L.A. County sheriff’s office failed to follow policy for issuing concealed weapon permits, audit says

 

L.A. County sheriff’s office failed to follow policy for issuing concealed weapon permits, audit says

Patrick McGreevy: "L.A. County sheriff’s office failed to follow policy for issuing concealed weapon permits, audit says"

This article represents a recurrent theme with the incumbent sheriff, who claims once again that an outside entity (in this case a state auditor) misunderstood department policies. The auditor found that the LASD did not follow its own policies when dealing with CCW permits.

Photo Credit: John Locher, Associated Press

"Handguns are displayed at the Hunting and Outdoor Trade Show in Las Vegas in 2016." 

 

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The Los Angeles County Sheriff’s Department has repeatedly failed to follow its own rules for issuing concealed weapon permits, the state auditor concluded in a report released Thursday.

L.A. County Sheriff Jim McDonnell disputed some of the key findings of the audit, saying state officials misinterpreted the policy.

The department policy requires applicants to provide “convincing evidence” of a “clear and present danger to life or of great bodily harm” to get a license, but the audit found the department issued 24 licenses during the last few years without sufficient evidence. 

Most of the 197 active licenses in L.A. County as of August went to current or former law enforcement officers, judges and prosecutors, the audit found. The lieutenant in charge of reviewing applications told auditors that people in law enforcement satisfy the department’s requirements by the nature of their jobs.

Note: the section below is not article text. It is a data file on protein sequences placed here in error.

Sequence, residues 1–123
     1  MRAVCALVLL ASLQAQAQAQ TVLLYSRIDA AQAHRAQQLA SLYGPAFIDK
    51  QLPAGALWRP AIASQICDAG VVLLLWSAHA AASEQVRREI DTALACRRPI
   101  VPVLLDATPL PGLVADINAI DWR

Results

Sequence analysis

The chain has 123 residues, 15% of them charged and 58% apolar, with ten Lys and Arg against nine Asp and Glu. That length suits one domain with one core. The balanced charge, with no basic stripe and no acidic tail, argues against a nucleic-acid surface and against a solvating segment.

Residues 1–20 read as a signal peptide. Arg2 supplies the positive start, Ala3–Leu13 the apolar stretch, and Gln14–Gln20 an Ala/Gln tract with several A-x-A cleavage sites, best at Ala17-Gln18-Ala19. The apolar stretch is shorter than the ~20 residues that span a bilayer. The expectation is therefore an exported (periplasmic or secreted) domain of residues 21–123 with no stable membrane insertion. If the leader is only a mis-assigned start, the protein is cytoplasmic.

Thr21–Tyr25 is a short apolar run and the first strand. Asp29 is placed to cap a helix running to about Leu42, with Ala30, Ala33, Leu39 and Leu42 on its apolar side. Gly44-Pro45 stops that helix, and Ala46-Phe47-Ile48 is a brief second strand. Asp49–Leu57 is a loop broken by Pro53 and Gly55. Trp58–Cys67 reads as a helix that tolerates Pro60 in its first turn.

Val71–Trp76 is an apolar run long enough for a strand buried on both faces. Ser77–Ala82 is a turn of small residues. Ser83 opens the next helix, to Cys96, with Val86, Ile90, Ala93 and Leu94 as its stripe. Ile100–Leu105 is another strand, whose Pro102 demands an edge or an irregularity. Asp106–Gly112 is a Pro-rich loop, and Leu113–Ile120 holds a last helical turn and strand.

“However, making that decision based solely on the applicant's profession both directly contradicts Los Angeles's written policy — which specifically states that no position or job classification in itself shall constitute good cause for issuance — and has led the department to treat applicants inequitably based on their occupations,” the audit says.

McDonnell said the audit identified some legitimate issues, and the department has added a checklist to the application process in order to show requirements have been met. But he disagreed on the report’s sweeping conclusion that the department consistently failed to follow its own policies.

“The LASD policy simply requires that the applicant provide ‘convincing evidence’” that their life or physical safety are threatened. He said the policy does not require additional documentation of that evidence if sufficient information is provided in the application.

Auditors also concluded that Sacramento County issued some licenses without proper documentation and San Diego County's renewal process led it to inappropriately renew some licenses."

Posted on 15 Dec 2017, 14:33 - Category: news

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